Yield: Yields about 6 dozen cookies.
Reminiscent of biscotti in texture, these not-too-sweet cookies are a perfect dipper for after-dinner coffee.
Finely grind the hazelnuts in a food processor. In a medium bowl, whisk the hazelnuts, flour, baking powder, and salt to blend. With a hand mixer or a stand mixer fitted with the paddle attachment, beat the sugar, oil, eggs, zest, and vanilla on low speed until the sugar is moistened, about 15 seconds. Increase the speed to high and mix until well combined, about 15 seconds more (the sugar will not be dissolved at this point). Add the dry ingredients and mix on low speed until the dough has just pulled together, 30 to 60 seconds.
Divide the dough in half. Pile one half of the dough onto a piece of parchment. Using the parchment to help shape the dough, form it into a log 11 inches long and 2 inches in diameter. Wrap the parchment around the log and twist the ends to secure. Repeat with the remaining dough. Chill in the freezer until firm, about 1 hour.
Position racks in the upper and lower thirds of the oven and heat the oven to 350°F. Line four cookie sheets with parchment or nonstick baking liners.
Unwrap one log of dough at a time and cut the dough into 1/4-inch slices; set them 1 inch apart on the prepared sheets. Bake two sheets at a time until light golden on the bottoms and around the edges, about 10 minutes, rotating and swapping the sheets halfway through for even baking. Let cool completely on racks. The cookies will keep in an airtight container at room temperature for up to 1 week.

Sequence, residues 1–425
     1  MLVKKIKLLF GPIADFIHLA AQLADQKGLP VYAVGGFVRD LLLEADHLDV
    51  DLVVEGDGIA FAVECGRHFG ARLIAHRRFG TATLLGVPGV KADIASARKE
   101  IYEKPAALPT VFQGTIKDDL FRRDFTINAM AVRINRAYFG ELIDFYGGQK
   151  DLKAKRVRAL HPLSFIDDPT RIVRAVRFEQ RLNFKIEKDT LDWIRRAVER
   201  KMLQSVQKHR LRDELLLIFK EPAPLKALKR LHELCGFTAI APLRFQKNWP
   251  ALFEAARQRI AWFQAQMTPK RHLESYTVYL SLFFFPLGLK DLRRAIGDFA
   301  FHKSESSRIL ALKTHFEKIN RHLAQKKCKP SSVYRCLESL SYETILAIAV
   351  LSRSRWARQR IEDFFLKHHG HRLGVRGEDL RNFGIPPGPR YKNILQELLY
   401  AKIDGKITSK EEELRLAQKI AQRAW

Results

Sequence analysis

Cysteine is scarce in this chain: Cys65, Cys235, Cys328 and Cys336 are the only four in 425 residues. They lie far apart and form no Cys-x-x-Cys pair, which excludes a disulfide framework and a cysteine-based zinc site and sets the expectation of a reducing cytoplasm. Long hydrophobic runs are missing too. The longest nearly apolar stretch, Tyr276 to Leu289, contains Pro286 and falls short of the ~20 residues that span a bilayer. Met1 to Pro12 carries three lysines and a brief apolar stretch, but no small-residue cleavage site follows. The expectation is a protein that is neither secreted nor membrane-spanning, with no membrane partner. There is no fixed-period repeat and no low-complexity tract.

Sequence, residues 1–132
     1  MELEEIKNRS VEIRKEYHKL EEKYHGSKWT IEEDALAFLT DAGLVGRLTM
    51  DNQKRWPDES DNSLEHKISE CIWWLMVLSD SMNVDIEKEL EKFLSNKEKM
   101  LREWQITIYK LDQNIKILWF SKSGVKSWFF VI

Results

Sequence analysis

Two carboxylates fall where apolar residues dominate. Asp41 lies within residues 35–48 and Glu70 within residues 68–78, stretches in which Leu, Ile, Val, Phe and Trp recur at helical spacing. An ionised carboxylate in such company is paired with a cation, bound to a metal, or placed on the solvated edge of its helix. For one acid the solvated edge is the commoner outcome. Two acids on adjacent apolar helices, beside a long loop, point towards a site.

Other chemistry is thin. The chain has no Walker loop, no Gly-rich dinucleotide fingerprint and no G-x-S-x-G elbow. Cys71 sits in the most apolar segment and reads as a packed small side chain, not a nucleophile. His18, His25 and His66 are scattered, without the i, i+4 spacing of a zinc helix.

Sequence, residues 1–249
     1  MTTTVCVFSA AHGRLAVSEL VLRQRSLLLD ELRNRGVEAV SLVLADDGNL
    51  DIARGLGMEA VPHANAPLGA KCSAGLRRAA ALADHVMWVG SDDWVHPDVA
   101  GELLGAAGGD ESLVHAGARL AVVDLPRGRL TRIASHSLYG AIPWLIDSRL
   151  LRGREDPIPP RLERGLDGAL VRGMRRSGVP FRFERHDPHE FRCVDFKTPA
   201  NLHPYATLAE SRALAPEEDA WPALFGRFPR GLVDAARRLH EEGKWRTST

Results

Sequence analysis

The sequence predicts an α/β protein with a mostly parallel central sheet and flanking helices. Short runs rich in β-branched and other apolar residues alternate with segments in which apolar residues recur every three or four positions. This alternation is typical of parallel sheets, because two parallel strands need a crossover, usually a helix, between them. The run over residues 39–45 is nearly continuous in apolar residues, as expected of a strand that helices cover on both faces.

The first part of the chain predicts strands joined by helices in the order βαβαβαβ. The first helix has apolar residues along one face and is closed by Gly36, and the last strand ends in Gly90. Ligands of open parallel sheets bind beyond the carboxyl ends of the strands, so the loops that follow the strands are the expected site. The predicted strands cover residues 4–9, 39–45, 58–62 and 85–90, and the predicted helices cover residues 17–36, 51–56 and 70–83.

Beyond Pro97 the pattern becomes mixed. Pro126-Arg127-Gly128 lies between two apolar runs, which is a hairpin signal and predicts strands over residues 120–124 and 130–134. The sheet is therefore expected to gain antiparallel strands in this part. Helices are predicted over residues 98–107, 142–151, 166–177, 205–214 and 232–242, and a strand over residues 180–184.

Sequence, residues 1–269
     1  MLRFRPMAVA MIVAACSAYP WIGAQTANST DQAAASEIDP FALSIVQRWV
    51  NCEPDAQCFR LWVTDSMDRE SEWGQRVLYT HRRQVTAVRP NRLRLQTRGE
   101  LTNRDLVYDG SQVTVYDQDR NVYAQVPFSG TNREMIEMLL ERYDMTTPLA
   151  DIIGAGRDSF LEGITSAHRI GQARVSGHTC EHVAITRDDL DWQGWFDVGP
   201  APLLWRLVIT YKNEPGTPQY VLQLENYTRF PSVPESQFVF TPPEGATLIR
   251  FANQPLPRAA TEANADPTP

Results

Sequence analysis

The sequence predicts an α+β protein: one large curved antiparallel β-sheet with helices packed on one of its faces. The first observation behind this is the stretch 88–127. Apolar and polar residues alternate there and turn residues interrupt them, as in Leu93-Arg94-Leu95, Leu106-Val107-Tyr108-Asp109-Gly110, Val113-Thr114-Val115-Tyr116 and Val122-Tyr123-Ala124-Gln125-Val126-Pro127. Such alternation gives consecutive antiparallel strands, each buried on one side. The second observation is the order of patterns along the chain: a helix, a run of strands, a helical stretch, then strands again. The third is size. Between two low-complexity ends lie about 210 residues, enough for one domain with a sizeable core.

Make Ahead Tips
The unbaked logs of dough may be frozen for up to 1 month.
For the best results, measure your flour by weight instead of volume. (1 cup of all-purpose flour equals 4-1/2 oz.) If you don’t have a scale, use a measuring cup meant for dry ingredients, not liquids, and don’t scoop the cup into the flour. Instead, stir the flour to aerate it, spoon it lightly into the cup without packing, and sweep the cup level with a straight edge. Learn why it matters.
Love to cook? Sign up today to get daily recipes from Fine Cooking plus special offers
I adore these cookies. Not too sweet so just right with ice cream or coffee or tea.
Sometimes a less sweet cookie is exactly right.These cookies are excellent and even sort of on the healthy side. (I used 3 oz of quality whole wheat flour and 7 oz of white.)They go really well with an after dinner port too. Lovely orange flavor.
Not my all time favorite, but it's really easy to make and it is very different from normal "sweet" cookies so I would make it again. I would not change anything in this recipe. It's delicate and nice light finish to a meal or crumbled on top of vanilla custard/ice cream - maybe with some bittersweet chocolate chips. I did dip some of them in semi-sweet chocolate and that was interesting too. I did have to bake them just a couple of minutes extra. I took a test cookie out at 10 minutes and it wasn't completely cooked. You don't want to brown these - you cook them like shortbread, just until they are done.
I loved this recipe... our friends couldn't believe that it had olive oil. A very sophisticated recipe, but easy to make.
Do you really want to delete the list, ?
This won't delete the recipes and articles you've saved, just the list.
This feature has been temporarily disabled during the beta site preview.
Add/Edit a private note for this recipeThis note is only visible to you.
Double CheckAre you sure you want to delete your notes for this recipe?
Get the print magazine, 25 years of back issues online, over 7,000 recipes, and more.